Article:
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Autistic trucking scam hacker jailed for 55 months

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A convicted hacker with Asperger’s Syndrome has been given a slightly reduced sentence of 55 months imprisonment over his involvement in a multi-million dollar trucking scam.

The judges' scant degree of leniency in dealing with an Asperger's sufferer will be closely watched by supporters of Pentagon hacker, Gary McKinnon.

Viachelav Berkovich, 34, received a sentence two years less than his co-defendant Nicholas Lakes, 36, who was jailed to 70 months last month, Wired reports. Berkovich's sentence was 23 months less than the minimum for his offence stipulated by federal sentencing guidelines after a judge took his disability into consideration as a mitigating factor.

Berkovich and Lakes pleaded guilty back in February to running an elaborate fraud over three years. The duo hacked into the Department of Transportation Safersys.org website in order to pose as trucking agents and search "load boards" for prospective marks. The hackers changed the contact details for a legitimate trucking firm to refer to addresses and phone numbers under their control.

They set about negotiating a deal to transport cargo before outsourcing this work to a third-party haulage firm so that the goods would actually be delivered. The hackers collected the money from the transportation clients before the haulage firm who actually did the work tried to get paid, discovering in the process that the firm that supposedly hired them knew nothing about the contract.

The hackers carried off the elaborate man-in-the-middle attack for months, as explained in an affidavit here (PDF). Lakes masterminded the scheme and led the vulnerable Berkovich into a life of crime, according to Berkovich's lawyers.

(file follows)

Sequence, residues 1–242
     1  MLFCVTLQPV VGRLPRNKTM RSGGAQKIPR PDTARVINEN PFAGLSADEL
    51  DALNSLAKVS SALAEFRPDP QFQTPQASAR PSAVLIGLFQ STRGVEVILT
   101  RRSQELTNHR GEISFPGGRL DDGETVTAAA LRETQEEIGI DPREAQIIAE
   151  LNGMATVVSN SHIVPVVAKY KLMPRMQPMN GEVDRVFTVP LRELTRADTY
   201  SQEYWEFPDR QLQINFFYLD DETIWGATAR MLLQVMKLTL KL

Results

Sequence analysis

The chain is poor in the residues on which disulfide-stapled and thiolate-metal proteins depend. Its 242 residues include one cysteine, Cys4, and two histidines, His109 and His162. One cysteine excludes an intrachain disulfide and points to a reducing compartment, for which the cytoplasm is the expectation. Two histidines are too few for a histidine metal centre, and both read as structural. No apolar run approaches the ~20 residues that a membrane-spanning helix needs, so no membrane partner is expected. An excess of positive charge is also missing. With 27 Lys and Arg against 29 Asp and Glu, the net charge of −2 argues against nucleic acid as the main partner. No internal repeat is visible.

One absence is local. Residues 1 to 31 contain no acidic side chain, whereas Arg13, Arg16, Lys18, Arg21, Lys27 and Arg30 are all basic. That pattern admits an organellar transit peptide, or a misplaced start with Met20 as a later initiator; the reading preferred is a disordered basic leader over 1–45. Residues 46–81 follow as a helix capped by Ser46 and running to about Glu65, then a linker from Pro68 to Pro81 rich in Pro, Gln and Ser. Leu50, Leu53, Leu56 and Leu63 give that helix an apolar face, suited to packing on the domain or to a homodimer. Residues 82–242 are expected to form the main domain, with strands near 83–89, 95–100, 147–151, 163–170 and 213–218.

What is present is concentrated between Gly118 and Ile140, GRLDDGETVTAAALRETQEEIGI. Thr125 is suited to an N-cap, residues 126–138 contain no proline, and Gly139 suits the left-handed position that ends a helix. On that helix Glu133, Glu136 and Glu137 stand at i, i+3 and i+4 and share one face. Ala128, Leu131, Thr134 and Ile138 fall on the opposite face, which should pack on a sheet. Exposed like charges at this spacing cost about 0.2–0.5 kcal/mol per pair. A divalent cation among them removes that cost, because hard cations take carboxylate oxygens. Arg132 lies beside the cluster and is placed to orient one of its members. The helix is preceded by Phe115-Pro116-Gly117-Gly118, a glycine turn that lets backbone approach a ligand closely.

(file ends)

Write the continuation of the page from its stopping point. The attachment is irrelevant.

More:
"We’re not excusing his behavior," defence lawyer Kiana Sloan-Hillier told Wired. "He's taken responsibility, and he knows that he shouldn't have gotten involved with this. But some people are more vulnerable than others."

Berkovich immigrated illegally into the US in 1999 and was close to becoming homeless when Lakes befriended him and brought him into his computer fraud racket. As well as sentencing Berkovich to a lengthy spell behind bars a judge ordered him to pay $2.7m compensation to 300 victims. Prosecutors has already recovered $1.4m in ill-gotten gains from Lakes.

The sentence against Berkovich suggests US court are prepared to take suffering from Asperger's Syndrome into account as a mitigating factor in sentencing but not as a reason to impose a suspended sentence or radically reduced sentence where a lengthy spell behind bars might normally be expected.

The handling of the Berkovich case is therefore bad news for fellow Asperger’s sufferer, Gary McKinnon, who recently lost his judicial review against extradition to the US on hacking offences. ®

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